RIM Loses Last Stronghold…Canada
Michael Harper for RedOrbit.com
Once powerful RIM has definitely seen its share of pain lately.
Last spring, the maker of the once iconic BlackBerry smartphones launched its first ever tablet device to gasps and sighs rather than the thunderous applause in sales they had hoped for.
They suffered a global service outage in October that sent droves of subscribers switching to other devices. Then in January, a month after announcing their new operating system BlackBerry 10 would be delayed by several months, co-CEOs Jim Balsillie and Mike Lazaridis stumbled from their perch and were replaced with their COO, Thorsten Heins.
But nothing hurts quite like losing on your own turf.
News came today of Apple’s dominance over Waterloo’s smartphone maker. Apple’s iPhone shipped 2.85 million units in the Great White North compared to RIM’s 2.08 million units.
According to Bloomberg‘s Hugo Miller, the iPhone has been gaining ground on the BlackBerry since its introduction in 2007. In 2010, RIM was still able to outsell Apple by half a million units; In 2008, RIM outsold Apple five to one.
Apple isn’t solely to blame for RIM’s slow and magnificent descent from the top.
While BlackBerry devices are still popular in the Middle East and India, other smartphone makers such as Samsung, LG, and HTC are gaining popularity.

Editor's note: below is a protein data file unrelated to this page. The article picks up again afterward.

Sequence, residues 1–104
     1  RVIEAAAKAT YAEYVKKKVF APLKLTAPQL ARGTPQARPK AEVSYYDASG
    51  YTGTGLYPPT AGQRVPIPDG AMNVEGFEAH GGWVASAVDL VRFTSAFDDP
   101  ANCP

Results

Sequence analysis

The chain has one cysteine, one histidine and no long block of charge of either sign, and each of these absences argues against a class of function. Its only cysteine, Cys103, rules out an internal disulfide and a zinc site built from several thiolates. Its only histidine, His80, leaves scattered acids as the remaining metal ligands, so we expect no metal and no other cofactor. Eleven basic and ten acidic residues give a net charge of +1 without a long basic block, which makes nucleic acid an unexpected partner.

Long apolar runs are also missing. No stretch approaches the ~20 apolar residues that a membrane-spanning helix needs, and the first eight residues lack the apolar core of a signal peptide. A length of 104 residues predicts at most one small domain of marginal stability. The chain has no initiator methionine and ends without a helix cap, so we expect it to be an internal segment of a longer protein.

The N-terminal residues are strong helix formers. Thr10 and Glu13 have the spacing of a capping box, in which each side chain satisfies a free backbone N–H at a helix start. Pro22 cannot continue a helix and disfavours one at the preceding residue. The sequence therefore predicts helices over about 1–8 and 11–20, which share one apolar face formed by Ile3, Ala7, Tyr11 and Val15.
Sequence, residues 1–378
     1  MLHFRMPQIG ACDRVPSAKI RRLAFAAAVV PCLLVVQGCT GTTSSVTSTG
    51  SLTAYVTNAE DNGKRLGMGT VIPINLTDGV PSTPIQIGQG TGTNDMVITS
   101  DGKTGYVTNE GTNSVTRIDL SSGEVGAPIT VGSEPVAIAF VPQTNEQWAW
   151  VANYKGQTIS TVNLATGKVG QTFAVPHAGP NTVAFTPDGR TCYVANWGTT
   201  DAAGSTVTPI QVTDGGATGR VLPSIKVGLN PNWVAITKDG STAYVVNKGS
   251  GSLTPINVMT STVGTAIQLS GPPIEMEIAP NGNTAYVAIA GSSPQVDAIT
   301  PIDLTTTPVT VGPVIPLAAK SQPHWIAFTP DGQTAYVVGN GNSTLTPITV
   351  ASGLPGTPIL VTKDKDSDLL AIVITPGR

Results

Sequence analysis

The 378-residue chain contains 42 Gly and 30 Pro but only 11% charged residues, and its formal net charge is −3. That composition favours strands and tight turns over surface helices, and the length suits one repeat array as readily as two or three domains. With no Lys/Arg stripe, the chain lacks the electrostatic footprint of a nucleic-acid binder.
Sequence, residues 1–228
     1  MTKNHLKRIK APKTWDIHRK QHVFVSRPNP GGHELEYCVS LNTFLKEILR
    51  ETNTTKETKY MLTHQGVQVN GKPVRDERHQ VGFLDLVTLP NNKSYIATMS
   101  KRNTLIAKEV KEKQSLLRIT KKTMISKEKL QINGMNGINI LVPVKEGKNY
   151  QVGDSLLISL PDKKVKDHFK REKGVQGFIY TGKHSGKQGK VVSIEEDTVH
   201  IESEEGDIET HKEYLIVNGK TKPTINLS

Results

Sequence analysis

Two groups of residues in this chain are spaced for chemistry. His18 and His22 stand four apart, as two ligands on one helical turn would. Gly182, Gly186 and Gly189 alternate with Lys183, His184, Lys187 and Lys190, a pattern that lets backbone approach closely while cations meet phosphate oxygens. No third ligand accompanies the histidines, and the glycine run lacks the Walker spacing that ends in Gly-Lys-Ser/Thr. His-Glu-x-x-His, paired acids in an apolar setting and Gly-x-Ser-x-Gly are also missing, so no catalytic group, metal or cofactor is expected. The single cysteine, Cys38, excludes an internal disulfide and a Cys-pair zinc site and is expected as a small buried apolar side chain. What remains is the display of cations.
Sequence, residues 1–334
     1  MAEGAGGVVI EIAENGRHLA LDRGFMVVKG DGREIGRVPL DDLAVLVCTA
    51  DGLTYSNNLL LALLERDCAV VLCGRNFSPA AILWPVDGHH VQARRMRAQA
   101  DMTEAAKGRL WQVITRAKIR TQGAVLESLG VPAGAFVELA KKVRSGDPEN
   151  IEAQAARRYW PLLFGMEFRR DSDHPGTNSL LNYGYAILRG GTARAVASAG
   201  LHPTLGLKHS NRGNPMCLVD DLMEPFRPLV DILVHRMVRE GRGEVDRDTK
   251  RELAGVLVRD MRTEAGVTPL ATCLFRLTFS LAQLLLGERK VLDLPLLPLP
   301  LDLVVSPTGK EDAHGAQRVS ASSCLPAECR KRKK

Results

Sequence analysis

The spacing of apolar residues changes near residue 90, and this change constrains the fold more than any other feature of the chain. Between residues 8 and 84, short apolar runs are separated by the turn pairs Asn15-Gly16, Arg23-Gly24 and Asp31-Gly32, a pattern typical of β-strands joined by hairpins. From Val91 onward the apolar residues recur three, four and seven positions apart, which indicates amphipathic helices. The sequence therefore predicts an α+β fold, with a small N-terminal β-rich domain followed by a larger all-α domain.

Running Google’s Android operating system, these handset makers are gaining dominance against the long time leader. Until recently, Canada has long been an area where Blackberries sold well.
Blackberries sold in Canada account for 7 percent of total shipments. American sales of the smartphone fell by 45 percent. All told, sales of BlackBerry fell 5.9 percent, according to Bloomberg.
RIM was once the global leader in smartphone and mobile technologies. Governments and corporations embraced the handset, praising it for its security features, email capabilities, and rock-solid performance. According to Alfred DuPuy of research firm Interbrand, RIM lost its way when it fell stagnant in innovation.
“They got so good at innovation they just expected the product to sell itself,” said DuPuy, head of the firm’s Toronto office, according to Miller. “From a brand perspective, they just lost their way.”
In Intebrand’s October ranking of the world’s top 100 brands, RIM fell two spots to number 54. Apple climbed nine spots to number 8.
RIM had a rough year in 2011 as its stock dropped 75 percent after severe market-share losses, poor sales, and product delays piled worse news on top of bad. RIM will hold its quarterly earning call next week, and Bloomberg analysts expect them to announce a fourth quarter loss of 82 cents per share. Sales are likely to have dropped by as much as 18 percent to $4.53 billion, according to analysts.
Canada hasn’t completely abandoned the BlackBerry, however. Many of Canada’s banks still issue BlackBerry’s to their employees. The Royal Bank of Canada, the nation’s largest, still uses the smartphone to conduct their business, according to Bloomberg. Bank of Nova Scotia and Bank of Montreal also rely on the BlackBerry for their business.
Providing RIM can produce and ship their new line of Blackberries with their revamped OS (BlackBerry 10), they may be able to reclaim some of this lost ground. If the past year has taught us anything, however, it’s that RIM isn’t especially great at shipping on schedule.